In the December edition of the UW Foster School’s monthly “Foster the Product” series, Jennifer Cast, the former VP of Amazon Books, discussed how her team implemented the well-known “Working Backwards from the Customer” method in launching the famously online company’s first bricks-and-mortar book and device store.
Cast has spent the majority of her career building and scaling businesses in the software, e-commerce and digital sectors. Her interest in building tech companies started at the beginning of her career, when she worked with emerging growth hardware companies at the investment bank Alex. Brown & Sons.
After business school, Cast joined Edmark, and educational software company, where she served as director of marketing and product management.
Her first chapter at Amazon began in 1996. She was the company’s 25th employee at a time when annual sales were less than $16 million.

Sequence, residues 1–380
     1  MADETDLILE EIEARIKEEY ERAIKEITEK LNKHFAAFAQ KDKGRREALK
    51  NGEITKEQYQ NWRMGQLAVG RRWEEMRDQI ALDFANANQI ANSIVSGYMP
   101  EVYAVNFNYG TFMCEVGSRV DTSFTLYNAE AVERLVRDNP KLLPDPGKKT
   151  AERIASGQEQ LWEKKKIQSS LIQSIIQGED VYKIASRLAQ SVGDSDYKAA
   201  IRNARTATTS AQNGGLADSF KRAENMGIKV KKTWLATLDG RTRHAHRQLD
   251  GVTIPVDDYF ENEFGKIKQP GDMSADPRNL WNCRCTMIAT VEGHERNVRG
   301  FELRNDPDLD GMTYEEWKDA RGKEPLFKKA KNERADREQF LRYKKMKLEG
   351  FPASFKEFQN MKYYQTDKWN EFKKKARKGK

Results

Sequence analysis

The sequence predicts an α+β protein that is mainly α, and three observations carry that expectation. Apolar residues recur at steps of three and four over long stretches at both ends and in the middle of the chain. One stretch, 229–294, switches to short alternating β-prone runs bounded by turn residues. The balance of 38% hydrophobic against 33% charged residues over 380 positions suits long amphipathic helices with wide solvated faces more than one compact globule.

During her first five years at Amazon, Cast was director of marketing, general manager of Music, and vice-president of Books, Music, Video and Digital. In 2014, after 13 years volunteering in the community, she returned to Amazon to build Amazon Books. After opening the 15th store in 2018, she moved to human resources to lead specialty recruiting, in which she led a global team of 400 responsible for talent acquisition of Amazon executives, principal and distinguished engineers, senior science and design leaders, and undergraduate and graduate students.
Foster the Product is presented by the UW Foster School of Business and hosted by Jeff Shulman, the Marion B. Ingersoll Professor of Marketing. The series is an opportunity to connect with people and ideas that can advance a product career. Sessions take place the first Thursday of every month.
The next Foster the Product event is January 7 at 4:30 p.m. PST. Nirankush Panchbhai, VP of product management at Salesforce, will speak on “Choosing what not to build: when and how to say no or stop.” After the talk and Q&A, attendees will have an opportunity for networking and guided discussion.